Are you hearing a click sound from your front wheels? That’s the CV joints dying. They exist on front-wheel drive and AWD vehicles so that you can turn your front wheels. It’s a way — “articulation” — to get power from the engine to the wheels. You can either replace the axles (“half-shafts”), or if it’s not too late, you can re-grease and re-boot your existing axles.
If the axles are original, we suggest fixing them instead of replacing with rebuilt axles because rebuilt axles are hit-and-miss for quality and fit. Here’s my bad experience with a rebuilt $75 axle slipping out of the transmission after I replaced the OEM axle.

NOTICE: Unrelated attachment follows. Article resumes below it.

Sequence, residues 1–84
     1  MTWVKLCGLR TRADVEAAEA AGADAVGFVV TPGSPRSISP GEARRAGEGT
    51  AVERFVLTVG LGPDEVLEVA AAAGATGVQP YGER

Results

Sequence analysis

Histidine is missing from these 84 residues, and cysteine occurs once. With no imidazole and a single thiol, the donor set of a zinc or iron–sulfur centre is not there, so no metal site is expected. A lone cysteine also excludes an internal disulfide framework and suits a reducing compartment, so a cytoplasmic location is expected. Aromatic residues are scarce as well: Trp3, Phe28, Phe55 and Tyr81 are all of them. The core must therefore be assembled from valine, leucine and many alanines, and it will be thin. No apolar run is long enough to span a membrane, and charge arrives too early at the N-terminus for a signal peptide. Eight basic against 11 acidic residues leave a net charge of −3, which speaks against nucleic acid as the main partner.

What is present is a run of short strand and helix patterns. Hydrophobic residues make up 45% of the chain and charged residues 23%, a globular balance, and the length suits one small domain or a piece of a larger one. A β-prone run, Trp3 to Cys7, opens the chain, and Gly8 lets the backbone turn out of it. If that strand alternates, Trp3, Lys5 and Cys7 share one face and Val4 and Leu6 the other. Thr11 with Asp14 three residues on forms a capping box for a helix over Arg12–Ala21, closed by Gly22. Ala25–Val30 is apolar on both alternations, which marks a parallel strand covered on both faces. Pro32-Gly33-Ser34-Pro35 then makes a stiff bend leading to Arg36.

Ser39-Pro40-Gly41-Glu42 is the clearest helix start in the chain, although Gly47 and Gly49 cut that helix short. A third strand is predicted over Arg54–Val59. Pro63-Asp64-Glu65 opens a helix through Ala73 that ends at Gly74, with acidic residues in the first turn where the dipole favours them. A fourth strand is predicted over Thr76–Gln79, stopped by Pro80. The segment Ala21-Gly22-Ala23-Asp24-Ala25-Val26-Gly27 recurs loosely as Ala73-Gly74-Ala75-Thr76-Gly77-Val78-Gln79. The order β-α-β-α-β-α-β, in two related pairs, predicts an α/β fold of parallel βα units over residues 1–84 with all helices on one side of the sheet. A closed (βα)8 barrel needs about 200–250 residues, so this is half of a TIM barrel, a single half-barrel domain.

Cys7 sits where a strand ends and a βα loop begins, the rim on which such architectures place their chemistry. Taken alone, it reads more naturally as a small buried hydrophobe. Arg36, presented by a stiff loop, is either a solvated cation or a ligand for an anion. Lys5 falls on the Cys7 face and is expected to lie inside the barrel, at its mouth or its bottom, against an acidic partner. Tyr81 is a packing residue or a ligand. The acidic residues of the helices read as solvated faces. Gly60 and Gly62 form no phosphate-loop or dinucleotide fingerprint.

MVS Forums member theWestVirginian:
I received my new CV boot from IPD today and will try to install it this weekend. The boot has been torn for a few weeks now, does anyone think that the CV joint itself can still be used if a new boot is installed? I’ll replace the entire shaft assembly when I can find the exact one (any suggestions would be great), but I’m hoping a new boot can be temporary fix.
MVS Forums Moderator abscate:
If you have been driving it in really dusty and dirty conditions with a torn boot, I would clean the CV joint and regrease it. They don’t like having junk in them and they are not cheap to replace.
MVS Forums member marshallh:
In fact if you have any dirt/sand in the grease already I’d just repalce the entire axle as a precaution. You can’t remove all the contaminants and they will grind down the CV joint over time.